August 8, 2011 – The July Nonfarm Payroll: Rocketing Back Up to Zero


3) The July Nonfarm Payroll: Rocketing Back Up to Zero. The monthly nonfarm payroll report finally surprised to the upside, the much watched figure coming in at +117,000, well above a consensus of +90,000. The headline unemployment rate is back down 0.1% to 9.1%. May and June saw healthy revisions up of +56,000 jobs.

Private sector hiring soared to +159,000. That was partially offset by what has become a permanent drag from government cuts of -37,000. The end of the partial shutdown of the state government in Minnesota was a big factor. The strongest sectors were in health care, +31,000, retail, + 26,000, and manufacturing, +24,000.
Some 6.2 million hapless souls have been unemployed for six months or longer.

While a definite improvement over past months, we are anything but back in the pink. To accommodate population growth and an outflow of new college graduates, the economy needs to create at least 150,000 new jobs a month. Seasonal adjustment excludes 1.2 million school teachers who are fired at the end of the school year, only to be mostly rehired in the following year.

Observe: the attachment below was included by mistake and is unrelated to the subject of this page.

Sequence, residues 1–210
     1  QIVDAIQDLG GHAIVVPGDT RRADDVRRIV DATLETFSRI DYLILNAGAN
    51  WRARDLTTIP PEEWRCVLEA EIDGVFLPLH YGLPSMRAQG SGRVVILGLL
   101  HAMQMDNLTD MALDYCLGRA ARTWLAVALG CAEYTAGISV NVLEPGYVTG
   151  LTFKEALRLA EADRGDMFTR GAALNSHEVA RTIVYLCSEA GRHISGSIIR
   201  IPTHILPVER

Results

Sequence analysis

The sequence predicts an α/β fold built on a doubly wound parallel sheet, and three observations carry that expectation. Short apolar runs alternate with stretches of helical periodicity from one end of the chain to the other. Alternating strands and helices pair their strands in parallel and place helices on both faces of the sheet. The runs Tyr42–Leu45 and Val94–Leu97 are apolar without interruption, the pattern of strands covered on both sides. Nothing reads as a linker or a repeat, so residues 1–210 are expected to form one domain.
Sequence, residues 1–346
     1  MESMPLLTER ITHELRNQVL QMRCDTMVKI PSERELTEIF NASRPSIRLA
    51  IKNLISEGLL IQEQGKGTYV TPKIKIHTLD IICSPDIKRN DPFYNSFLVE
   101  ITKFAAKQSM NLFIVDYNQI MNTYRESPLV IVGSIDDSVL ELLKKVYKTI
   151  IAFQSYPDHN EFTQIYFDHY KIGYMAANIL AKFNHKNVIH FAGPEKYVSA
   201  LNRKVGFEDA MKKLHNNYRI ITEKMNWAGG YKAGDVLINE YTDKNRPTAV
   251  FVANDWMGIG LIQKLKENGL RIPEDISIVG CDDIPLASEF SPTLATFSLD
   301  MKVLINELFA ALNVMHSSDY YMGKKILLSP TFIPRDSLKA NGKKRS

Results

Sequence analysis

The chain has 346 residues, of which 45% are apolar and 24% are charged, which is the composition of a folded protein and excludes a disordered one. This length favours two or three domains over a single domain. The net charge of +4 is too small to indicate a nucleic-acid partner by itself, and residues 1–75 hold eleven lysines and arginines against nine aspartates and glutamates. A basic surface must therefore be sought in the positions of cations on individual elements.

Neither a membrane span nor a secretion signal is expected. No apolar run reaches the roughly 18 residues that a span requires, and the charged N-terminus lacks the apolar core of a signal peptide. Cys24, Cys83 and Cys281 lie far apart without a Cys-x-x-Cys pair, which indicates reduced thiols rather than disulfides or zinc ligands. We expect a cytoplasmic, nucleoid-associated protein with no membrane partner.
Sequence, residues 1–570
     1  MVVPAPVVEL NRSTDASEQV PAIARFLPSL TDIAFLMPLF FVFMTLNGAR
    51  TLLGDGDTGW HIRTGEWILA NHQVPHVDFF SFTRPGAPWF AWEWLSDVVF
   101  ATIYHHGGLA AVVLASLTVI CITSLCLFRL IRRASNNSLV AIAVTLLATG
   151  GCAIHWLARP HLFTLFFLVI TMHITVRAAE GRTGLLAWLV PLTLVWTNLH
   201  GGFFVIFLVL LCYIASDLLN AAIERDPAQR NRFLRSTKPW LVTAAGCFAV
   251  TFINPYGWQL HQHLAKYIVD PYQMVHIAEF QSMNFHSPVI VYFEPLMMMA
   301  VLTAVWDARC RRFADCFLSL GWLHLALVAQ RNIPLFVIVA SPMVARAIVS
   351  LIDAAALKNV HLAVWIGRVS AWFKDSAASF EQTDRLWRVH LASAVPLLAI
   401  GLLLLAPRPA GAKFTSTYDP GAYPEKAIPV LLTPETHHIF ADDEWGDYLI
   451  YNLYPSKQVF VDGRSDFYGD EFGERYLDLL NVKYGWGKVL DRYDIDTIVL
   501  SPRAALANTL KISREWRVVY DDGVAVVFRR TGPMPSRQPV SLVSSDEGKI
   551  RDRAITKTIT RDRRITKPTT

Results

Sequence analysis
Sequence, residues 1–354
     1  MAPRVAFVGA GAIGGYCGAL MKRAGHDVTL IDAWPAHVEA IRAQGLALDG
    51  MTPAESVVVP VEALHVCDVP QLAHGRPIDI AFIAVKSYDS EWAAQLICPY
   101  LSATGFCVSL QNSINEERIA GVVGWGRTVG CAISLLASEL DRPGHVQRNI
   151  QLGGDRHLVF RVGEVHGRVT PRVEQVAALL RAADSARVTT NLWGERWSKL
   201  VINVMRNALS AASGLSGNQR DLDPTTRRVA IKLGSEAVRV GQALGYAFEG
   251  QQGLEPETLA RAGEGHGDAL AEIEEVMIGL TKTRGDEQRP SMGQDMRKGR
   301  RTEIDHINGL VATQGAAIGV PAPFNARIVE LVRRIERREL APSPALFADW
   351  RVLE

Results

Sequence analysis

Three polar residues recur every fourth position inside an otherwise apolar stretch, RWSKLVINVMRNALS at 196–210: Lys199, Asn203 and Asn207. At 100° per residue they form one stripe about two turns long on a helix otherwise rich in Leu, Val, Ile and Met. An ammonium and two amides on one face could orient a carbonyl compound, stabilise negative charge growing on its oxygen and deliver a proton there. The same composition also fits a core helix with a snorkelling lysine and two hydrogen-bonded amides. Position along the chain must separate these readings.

My view is that the nonfarm payroll report has become too politicized to be of any real value. It now has a market impact of only two days at most. The US is suffering from a long term structural unemployment issue that no one can do anything about.

If corporations had more cash, such as from a tax free offshore profit repatriation, they would simply invest it in China, India, and Brazil, as they have done. If wealthy individuals had more money through a tax cut, they would just buy more gold, or keep the cash. The economic growth rate in the US is just too low to attract new investment needed to create jobs. The new customers are in emerging markets, not here.